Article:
Valeria Moscow is 35 years old and has a passion: protecting nature and gathering everything that grows in the wild to show us that it is possible to eat well with what our forests, meadows and mountains give us.
A concentration of flavors
It’s not an easy job. You have to have a good knowledge of wild herbs to avoid collecting ingredients that are in any way poisonous. However, overcoming this challenge, nature repays us with a wealth of different tastes, which if not experienced firsthand are difficult to imagine. Wild foods, in fact, are able to absorb the earth’s energy, resulting in a concentration of real flavors and a unique intensity.
The many possibilities of wild food
Valeria decided not to keep this passion just to herself, but to turn it into something concrete which could trigger a range of initiatives that investigate the infinite possibilities of wild food. In 2012 Wood*ing
was born a nonprofit "laboratory" – sponsored by Expo Milano 2015 and the European Commission – which aims to protect and preserve the biodiversity of nature.
Study and knowledge
The first step is research: observing, cataloging, gathering wild foods, studying the organoleptic and beneficial properties of each herb, plant, fruit, seed, leaf or root. Then one needs to think about how each food can be stored and processed so it can be transformed into an ingredient of a dish.
A tasty menu
Gathering the foods while respecting the seasons, Valeria and her team create a tasty menu based on experimenting with new cooking and conservation techniques. So, not only a new concept for the kitchen but a new way to stay in contact with the land. Through simple, fresh and honest ingredients we rediscover the ancient flavors which were common to our ancestors, but today, accustomed as we are to processed foods, we have forgotten.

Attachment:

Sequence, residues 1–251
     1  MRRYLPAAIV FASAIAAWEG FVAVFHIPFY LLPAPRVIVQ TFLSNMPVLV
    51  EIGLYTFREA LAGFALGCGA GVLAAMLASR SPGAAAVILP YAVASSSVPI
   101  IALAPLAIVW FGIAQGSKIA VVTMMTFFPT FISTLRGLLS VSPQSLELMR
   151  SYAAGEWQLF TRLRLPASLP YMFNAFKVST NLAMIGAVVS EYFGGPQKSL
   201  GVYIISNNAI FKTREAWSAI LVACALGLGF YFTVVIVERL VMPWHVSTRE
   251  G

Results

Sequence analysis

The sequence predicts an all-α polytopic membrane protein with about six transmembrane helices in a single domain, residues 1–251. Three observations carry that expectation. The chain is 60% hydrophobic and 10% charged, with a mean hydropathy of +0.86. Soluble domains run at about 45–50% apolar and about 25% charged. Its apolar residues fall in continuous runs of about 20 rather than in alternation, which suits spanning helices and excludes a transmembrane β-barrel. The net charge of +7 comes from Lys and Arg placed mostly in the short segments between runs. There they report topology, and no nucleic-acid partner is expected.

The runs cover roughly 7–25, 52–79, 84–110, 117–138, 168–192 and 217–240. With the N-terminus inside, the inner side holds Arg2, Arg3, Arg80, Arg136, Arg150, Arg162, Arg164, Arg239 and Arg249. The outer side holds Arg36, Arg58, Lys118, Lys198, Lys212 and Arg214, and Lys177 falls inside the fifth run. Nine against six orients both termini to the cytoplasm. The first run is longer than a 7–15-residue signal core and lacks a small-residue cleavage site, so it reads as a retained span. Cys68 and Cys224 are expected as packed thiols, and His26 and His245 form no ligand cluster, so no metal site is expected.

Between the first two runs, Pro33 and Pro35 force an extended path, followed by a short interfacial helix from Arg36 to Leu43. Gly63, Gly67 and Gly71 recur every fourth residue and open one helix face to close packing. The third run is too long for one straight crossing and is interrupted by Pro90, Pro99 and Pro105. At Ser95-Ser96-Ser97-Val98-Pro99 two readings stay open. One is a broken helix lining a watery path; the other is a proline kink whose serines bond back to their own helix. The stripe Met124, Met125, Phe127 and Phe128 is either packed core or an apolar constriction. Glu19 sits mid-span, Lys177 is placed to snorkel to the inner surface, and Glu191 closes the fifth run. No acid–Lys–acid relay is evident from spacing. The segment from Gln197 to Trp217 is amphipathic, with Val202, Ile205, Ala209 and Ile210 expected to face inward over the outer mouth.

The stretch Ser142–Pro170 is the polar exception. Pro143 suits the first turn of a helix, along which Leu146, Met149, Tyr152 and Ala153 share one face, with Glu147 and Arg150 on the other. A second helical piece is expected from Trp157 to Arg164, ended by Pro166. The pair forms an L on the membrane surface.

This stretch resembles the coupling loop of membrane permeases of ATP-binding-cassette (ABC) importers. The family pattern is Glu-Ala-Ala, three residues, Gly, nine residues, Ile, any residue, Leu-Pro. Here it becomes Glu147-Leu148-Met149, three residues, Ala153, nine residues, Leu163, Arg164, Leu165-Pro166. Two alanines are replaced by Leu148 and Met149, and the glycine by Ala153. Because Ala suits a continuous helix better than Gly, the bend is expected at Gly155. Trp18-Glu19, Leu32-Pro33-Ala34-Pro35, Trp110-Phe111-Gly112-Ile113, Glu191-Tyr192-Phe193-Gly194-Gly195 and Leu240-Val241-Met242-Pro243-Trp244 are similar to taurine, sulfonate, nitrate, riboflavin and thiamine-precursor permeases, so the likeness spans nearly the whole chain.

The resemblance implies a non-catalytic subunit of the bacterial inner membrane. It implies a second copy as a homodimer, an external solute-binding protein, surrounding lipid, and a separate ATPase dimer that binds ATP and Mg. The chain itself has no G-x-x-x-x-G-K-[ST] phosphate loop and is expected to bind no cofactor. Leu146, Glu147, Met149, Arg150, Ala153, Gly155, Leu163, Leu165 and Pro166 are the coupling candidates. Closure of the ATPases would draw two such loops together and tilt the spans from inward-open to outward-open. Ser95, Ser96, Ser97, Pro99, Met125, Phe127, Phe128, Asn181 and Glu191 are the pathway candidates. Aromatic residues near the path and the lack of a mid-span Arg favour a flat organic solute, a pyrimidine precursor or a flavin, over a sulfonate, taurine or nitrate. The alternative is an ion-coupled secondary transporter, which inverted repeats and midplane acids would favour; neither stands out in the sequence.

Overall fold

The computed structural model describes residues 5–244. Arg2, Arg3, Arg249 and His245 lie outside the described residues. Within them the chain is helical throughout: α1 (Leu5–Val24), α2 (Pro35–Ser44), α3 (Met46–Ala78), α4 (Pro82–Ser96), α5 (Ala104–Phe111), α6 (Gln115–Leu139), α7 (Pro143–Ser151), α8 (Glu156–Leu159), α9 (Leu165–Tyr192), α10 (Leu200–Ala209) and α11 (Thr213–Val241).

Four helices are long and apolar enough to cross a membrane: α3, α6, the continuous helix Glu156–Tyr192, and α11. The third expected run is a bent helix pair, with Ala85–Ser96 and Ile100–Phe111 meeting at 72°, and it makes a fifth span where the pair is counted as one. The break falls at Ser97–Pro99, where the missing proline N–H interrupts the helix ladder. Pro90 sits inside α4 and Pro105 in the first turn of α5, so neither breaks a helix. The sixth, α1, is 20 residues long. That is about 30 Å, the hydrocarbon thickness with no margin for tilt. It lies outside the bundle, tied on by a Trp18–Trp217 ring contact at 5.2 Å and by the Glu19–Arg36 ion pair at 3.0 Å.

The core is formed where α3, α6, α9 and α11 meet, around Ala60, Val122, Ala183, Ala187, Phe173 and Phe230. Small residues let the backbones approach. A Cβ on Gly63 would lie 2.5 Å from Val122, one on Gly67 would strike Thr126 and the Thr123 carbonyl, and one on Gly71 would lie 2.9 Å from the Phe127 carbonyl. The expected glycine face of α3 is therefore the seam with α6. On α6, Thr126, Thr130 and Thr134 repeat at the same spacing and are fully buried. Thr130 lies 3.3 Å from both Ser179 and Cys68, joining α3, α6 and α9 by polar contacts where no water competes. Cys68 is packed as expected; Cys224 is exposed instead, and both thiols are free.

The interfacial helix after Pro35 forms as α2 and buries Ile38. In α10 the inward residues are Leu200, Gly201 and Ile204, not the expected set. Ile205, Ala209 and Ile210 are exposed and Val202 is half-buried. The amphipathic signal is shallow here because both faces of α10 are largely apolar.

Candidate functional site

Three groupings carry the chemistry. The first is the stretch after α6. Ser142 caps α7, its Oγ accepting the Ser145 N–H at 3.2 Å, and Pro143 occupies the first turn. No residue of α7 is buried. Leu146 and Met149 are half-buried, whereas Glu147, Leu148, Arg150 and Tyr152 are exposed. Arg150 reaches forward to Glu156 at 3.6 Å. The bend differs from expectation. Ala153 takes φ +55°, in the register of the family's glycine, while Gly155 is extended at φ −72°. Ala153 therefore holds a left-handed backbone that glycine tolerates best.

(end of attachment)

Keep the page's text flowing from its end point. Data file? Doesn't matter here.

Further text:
Lichen bread and spruce beer
To give you some examples, you could begin your meal with a forest broth based on lichen, iceland moss and juniper, continue with a risotto made from larch, then some artic char roe accompanied by wild artic char with leaves, and finish with something sweet, perhaps enjoying an ice cream made from wood sorrel, or biscuits made from bitter conifer bark flour, salt and wild fennel. In your bread basket you could find lichens cooked in the ground and in your glass, birch sap flavored with elderberry, fermented bark syrup and spruce beer.
Depending on the season, you can gather mountain pine and beech buds, pine resin, willow and ash bark, the leaves of arbutus and spruce trees as well as wild garlic. Among the most special is birch, oak and ash flour and mountain lettuce.
Ethical food and respect for biodiversity
Wood*ing is proof that ethical food and respect for the land and biodiversity can lead to enterprising initiatives that boost the economy without surrendering to mass production. It starts from something small and humble, it’s true, but, after all, doesn’t everything start from a single bud?